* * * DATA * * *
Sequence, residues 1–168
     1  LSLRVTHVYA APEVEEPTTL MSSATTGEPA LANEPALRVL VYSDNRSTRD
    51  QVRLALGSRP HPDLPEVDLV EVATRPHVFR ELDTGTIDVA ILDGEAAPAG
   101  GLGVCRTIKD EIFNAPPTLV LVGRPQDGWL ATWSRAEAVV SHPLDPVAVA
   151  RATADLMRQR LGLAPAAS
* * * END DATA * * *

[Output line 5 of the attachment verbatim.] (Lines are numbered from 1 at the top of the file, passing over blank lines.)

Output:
   151  RATADLMRQR LGLAPAAS